Eventually I got going and at least the weather did not seem to get worse and soon after I left the weather got better again. I am not sure why, but I stopped again in Salardú (1261m) for an expensive coca-cola (but got fresh water also) up a side road that I maybe first thought was the one I had planned to take off the main road up to the Port de la Bonaigua/Pòrt dera Bonaigua (2076m). I have been to the Bonaigua pass before in 2005, but forgot to go up to the Coret de Salardú/Puerto de Beret (1868m). This later pass is best climbed from Vielha and is a one-sided pass for road bikers, but this an alternative and the lowest road to the rest of Spain from Val d’Aran, but the road down the other side is only a gravel road for quite a long stretch of likely varying quality. Photos above and next to here shows the views in three directions from the geographical Coret de Salardú/Puerto de Beret.
Here looking back at the actual modern day road pass at 1879m. One has to continue longer than Salardú to Baqueira (1482m) before turning off the main road. Then there are a set of nice long serpentines up to the pass. The area is a ski resort, but the views are great up near the pass and this is one of the nicest passes in the Pyrenees. It was now sunny and hot again.
Here in the photo is the more obvious pass location for a road cyclist, rather than down the road on the side a little after, but it is easy to see why the map has the pass located down there.
Could not really stop taking photos up here, so here we have a few more. Here looking back down toward Vielha. No apparent reason to worry about the weather here? Not now. I was slightly worried about melted asphalt strings when descending, but just to take it easy.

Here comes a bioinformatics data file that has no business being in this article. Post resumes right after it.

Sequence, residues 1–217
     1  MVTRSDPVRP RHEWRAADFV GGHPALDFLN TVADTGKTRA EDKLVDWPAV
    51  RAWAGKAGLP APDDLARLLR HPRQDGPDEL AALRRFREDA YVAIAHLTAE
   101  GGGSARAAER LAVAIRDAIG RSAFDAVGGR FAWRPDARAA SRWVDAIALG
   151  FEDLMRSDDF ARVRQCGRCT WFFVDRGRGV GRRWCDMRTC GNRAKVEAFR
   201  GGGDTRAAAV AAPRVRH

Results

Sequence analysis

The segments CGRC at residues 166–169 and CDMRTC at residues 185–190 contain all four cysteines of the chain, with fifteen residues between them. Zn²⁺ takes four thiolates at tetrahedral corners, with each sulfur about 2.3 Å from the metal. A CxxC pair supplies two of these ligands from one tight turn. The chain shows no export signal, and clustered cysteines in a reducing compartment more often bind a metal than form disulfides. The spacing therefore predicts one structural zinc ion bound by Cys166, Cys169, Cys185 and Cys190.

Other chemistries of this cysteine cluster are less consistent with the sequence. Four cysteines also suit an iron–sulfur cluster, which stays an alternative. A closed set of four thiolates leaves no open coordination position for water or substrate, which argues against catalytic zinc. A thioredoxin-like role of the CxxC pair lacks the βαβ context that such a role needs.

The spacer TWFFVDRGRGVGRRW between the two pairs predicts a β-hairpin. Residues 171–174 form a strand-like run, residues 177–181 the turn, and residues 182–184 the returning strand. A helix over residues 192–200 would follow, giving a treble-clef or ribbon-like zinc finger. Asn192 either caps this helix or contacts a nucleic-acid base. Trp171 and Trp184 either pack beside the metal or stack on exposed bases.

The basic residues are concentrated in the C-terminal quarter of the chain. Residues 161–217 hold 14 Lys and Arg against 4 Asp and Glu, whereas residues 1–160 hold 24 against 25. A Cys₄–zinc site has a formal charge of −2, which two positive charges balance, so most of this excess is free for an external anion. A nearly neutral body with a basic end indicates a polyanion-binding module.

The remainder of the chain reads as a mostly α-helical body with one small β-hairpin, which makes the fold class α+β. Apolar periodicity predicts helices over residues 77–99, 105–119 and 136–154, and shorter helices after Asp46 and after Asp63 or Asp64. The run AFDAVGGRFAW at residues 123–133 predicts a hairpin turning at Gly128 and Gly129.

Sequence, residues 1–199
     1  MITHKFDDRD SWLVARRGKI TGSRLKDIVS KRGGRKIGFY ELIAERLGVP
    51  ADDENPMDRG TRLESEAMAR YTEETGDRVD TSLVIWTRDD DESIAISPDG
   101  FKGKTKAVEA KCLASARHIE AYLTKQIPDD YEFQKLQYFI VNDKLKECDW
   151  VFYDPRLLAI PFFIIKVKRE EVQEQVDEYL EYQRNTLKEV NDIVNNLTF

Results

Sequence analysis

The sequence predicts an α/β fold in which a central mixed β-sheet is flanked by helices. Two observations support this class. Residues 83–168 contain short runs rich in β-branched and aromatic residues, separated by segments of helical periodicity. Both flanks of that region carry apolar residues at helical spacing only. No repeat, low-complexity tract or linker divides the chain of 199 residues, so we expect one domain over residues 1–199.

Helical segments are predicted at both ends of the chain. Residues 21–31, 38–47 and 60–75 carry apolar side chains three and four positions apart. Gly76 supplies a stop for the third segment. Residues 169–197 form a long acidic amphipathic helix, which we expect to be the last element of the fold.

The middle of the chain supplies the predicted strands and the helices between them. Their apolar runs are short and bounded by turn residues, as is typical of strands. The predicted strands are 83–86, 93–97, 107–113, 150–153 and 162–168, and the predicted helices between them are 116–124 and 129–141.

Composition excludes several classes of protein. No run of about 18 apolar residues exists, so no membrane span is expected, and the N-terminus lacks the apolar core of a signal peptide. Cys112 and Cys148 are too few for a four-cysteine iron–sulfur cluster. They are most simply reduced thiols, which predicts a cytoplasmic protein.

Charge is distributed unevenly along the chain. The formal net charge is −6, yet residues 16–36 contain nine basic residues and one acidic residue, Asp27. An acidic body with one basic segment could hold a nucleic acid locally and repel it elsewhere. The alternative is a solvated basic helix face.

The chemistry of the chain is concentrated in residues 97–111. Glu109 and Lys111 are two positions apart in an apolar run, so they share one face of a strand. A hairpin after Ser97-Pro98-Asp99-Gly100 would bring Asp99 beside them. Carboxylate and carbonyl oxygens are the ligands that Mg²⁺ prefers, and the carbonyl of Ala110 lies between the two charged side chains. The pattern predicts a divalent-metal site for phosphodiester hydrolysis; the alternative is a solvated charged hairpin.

Here looking up the Aigüestortes mountains and the Bonaigua area.
That valley looks rather inviting and I am sure it is popular with mountain bikers, but not so much use with a road bike there I guess.
Finally up at the Port de la Bonaigua/Pòrt dera Bonaigua (2076m) and now it starts to look a bit less nice in the air again. This is a very nice pass.
This is also a fast pass on both sides. I remember going down to Vielha in very high speed together with a local cyclist knowing the road. Little did I remember it is an even faster descent on the east side. One could descend ca. 13 km at 60 km/h (or above) on average without any problem. I see now when looking closer on the map that they have straightened up the road since I was here in 2005 above Esterri d’Àneu, where one no longer passes through the village.
I had thought about stopping in Esterri d’Àneu and now stopped at the south entrance as it went too fast for me to think about it when passing by the north entrance. I stopped earlier by one of those rare brake runaways apparently built when they rebuilt the road (photo here)
I was thinking of maybe to stop here and looked back up from where I saw the bad weather, but it did not look especially bad down the valley. Not clear from Google if there were any good place further down to to stop at and I was soon to do another climb up via Espot, so looked on Espot and it seemed like there were some places to stay at there and decided to take a chance of doing the first part of my next climb by going up there.
The road is quite nice and a little steep. I noticed less nice cars were coming down and nice cars going up, which made me fear that there was only expensive hotels up there and had not looked closer before. There must be something agreeable I told myself. When I reached Espot there was an open grocery shop at this late hour and I went in to have a coca-cola and to ask for advice on where to try and find lodging. They recommended a modern looking hotel straight up on the right-hand side which was not in my taste really and with mostly nice cars outside and no people at the reception or anywhere that I could find, so I left and went back down and saw a little place in the centre Pensió Casa Palmira and it had a good price, friendly staff, excellent food and fine rooms. One of the 2-3 best places I stayed at on this tour! Went out on the touristy, but quite agreeable, village to have some beers at a nice café in the evening. Great place in the summer to stay a night at.